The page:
However, for me, working with OSGi is a no brainer, and adds virtually no overhead even for the smallest projects. Additionally, I find that not only is it sensible to start with OSGi, but doing so speeds up my ability to deliver quality modular software.
There are a couple of tools that help make life easy for me (as it should be for a developer) so that I am not wasting time with my environment. These tools are Eclipse and Nimble.
Firstly, my IDE, Eclipse. I give it a hard time sometimes but it does let me get on in what I feel is a very productive manner. Eclipse 3.5 is generally great and has even more support for OSGi and my personal favourite is the support for declarative services - the editor making it very easy to spit out the required XML making it really quick to build a component based bundle in hardly any time. For those 'small' projects that people consider an overhead, I still recommend this approach, as it is noddy to add a main method (either to that component or another class which uses that component) and you still end up with a jar file you can execute from the command line, especially if you add the Main-Class attribute to the manifest. At the end of the day we're still talking about simple Java objects, but with a little bit of extra metadata.
Finally, the key to clarity when developing OSGi apps in Eclipse is 'targets'. So for each workspace I would create a meta-project that contains an Eclipse target and any top level external dependency bundles. The target references these bundles and when I apply the target to my workspace I now only have visibility of the exports from the bundles in the manifest editor, and those plugins in Eclipse's plugin perspective. All the noise from the hundreds of bundles that Eclipse uses to run is gone.
(For me, the only thing that lets Eclipse down is that I feel it could be more defensive about how it handles plugins which don't always play nicely)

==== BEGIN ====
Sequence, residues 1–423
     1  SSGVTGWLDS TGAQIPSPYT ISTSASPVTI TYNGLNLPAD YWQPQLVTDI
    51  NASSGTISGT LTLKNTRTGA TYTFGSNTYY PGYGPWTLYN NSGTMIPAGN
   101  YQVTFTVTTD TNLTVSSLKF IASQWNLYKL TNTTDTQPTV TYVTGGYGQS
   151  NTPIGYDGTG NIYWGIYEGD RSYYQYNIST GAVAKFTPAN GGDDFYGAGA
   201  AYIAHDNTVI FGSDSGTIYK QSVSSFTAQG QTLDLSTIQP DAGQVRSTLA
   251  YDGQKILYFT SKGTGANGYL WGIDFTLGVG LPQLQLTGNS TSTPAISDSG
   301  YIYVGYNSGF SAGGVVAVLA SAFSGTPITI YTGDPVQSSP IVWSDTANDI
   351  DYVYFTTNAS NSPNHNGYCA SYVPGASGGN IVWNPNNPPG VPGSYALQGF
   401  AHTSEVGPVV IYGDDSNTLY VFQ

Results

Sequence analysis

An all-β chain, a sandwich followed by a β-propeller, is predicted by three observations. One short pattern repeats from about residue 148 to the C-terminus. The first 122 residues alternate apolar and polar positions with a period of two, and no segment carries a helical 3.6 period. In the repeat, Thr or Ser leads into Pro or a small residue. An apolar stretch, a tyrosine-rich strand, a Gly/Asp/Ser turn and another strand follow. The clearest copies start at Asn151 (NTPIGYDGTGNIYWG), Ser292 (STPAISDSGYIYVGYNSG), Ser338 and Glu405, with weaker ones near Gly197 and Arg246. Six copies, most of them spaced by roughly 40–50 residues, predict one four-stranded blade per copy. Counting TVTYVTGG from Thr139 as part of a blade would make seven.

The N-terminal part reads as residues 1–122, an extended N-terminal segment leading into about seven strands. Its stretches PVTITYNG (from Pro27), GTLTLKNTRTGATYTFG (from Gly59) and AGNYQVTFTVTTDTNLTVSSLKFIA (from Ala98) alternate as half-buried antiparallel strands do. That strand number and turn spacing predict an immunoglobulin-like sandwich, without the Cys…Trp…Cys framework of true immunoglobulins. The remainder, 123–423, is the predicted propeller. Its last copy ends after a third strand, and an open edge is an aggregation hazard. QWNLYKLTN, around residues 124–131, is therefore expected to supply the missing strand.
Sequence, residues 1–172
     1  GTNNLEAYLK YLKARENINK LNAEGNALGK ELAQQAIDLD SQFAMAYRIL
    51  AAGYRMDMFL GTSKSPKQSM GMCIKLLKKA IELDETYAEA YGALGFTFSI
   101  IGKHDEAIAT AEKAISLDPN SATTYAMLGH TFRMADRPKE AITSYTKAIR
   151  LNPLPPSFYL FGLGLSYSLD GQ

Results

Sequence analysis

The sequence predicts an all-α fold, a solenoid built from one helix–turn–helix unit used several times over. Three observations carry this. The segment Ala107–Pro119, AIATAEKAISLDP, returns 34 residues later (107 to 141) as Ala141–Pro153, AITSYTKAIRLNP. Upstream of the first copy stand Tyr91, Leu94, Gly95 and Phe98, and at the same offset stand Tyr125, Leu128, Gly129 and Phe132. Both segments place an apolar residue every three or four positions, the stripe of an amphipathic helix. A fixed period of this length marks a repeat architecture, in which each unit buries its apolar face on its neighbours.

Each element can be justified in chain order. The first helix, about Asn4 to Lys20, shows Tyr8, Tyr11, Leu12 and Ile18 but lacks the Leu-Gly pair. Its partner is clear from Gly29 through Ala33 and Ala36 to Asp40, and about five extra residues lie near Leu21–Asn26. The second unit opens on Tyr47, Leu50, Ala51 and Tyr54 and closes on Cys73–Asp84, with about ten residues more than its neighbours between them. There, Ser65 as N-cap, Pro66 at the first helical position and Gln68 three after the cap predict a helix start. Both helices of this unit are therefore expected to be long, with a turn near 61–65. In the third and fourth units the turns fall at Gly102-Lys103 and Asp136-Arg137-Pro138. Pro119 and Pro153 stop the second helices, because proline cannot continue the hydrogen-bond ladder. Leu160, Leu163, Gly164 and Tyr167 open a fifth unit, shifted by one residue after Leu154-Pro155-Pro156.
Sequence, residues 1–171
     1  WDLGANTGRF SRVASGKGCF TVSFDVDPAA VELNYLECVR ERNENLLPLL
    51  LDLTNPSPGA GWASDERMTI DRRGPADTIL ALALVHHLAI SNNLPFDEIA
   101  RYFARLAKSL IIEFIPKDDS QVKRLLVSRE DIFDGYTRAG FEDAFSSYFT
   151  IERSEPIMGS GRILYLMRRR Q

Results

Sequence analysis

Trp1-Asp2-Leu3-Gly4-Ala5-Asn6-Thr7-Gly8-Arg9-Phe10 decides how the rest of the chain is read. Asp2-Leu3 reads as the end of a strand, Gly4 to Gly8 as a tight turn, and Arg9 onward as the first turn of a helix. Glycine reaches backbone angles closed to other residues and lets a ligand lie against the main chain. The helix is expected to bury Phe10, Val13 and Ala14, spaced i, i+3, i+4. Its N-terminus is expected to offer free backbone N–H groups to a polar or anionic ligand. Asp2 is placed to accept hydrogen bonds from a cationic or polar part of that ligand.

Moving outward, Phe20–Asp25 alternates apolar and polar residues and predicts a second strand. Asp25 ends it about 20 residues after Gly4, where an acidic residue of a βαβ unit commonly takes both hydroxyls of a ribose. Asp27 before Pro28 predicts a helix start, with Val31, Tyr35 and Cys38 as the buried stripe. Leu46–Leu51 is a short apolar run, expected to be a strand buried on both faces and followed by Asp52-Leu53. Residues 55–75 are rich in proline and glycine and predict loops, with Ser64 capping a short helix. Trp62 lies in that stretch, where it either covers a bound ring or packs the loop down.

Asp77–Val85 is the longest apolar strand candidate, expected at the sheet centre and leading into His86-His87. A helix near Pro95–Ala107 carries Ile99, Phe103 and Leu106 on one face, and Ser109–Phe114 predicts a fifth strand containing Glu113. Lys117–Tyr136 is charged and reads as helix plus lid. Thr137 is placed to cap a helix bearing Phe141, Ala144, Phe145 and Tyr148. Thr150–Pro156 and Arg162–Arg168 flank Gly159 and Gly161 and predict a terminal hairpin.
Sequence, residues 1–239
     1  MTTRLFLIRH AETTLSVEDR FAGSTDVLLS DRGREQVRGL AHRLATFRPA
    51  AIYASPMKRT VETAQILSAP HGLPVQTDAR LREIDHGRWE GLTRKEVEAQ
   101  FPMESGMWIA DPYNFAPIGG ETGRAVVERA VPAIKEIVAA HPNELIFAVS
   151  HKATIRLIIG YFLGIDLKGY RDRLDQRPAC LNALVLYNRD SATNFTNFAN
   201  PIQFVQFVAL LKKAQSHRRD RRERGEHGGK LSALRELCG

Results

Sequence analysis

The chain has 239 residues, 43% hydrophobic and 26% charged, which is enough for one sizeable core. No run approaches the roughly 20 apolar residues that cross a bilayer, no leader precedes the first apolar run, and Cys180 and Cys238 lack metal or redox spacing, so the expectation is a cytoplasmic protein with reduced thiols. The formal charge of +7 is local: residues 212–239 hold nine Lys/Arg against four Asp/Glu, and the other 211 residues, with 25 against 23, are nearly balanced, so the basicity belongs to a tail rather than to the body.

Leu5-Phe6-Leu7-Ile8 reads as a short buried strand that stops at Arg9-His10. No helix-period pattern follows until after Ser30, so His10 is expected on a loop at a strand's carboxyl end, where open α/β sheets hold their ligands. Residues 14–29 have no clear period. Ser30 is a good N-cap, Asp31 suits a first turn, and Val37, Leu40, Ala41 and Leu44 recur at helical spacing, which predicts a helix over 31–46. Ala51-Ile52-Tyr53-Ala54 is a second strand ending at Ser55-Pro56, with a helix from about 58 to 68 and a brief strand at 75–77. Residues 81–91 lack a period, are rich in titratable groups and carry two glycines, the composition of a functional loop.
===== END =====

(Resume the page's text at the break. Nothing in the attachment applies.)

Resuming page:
Until recently I made the framework I was deploying to a big part of the development architecture. In fact I would write an ant script to build my bundles, the framework, it's dependencies and then deploy my bundles in to that framework and then run it to do my integration testing.
While doing a development cycle of code/compile/deploy I would tend to have Felix running with fileinstall configured to look at a folder called plugins and then use Eclipse's export tool to drop new versions of my bundles in to that folder. Fileinstall detects the new bundles and adds/updates as appropriate. But what about dependencies? They would have to already be installed in the framework. For for each external dependency I am using I would have to resolve that bundle's dependencies manually... if those bundles have dependencies and so on, this soon becomes long winded and tedious!
These days I am much more agile about this and use 'Nimble', which is OSGi resolver technology from Paremus. To use Nimble, you simply install it and you get 'posh' - the Paremus OSGi Shell, another clever piece of technology that can save a lot of time.
So if I wanted to test my application on Felix I would start posh as follows:
posh -C -F
The -C parameter clears the cache and downloads dependencies from scratch. -F specifies that I want to use Felix as my framework. In a few seconds I have a running Felix OSGi framework and a sophisticated OSGI shell but not much else. (At this point the docs on posh are really useful to see what you can do.)
Once I've indexed my bundles I create a nimble rule which defines a dependency on the activated state of my bundles and osgi services and save this in an xml file of it's own to the plugins folder as well:
Using the command 'nim add app/myapp' my bundles are installed, resolved (including dependancies) and started.
The last thing I have to do is tell the HttpService what port to start port:
setpid org.apache.felix.http org.osgi.service.http.port==8080
but I only have to do that once per Posh session.
The key thing here is that all my dependencies are resolved for me. I don't have to do anything except worry about my production bundles.
Then when I want to distribute my application to colleagues or the customer or deploy to another environment, I just distribute the bundles and my repo xml files, and they fire it up with minimal effort. Glorious!
Please note, that the above does not necessarily constitute best practice. I have been chatting with the Paremus guys about best practices and will follow up with information about that at a later date.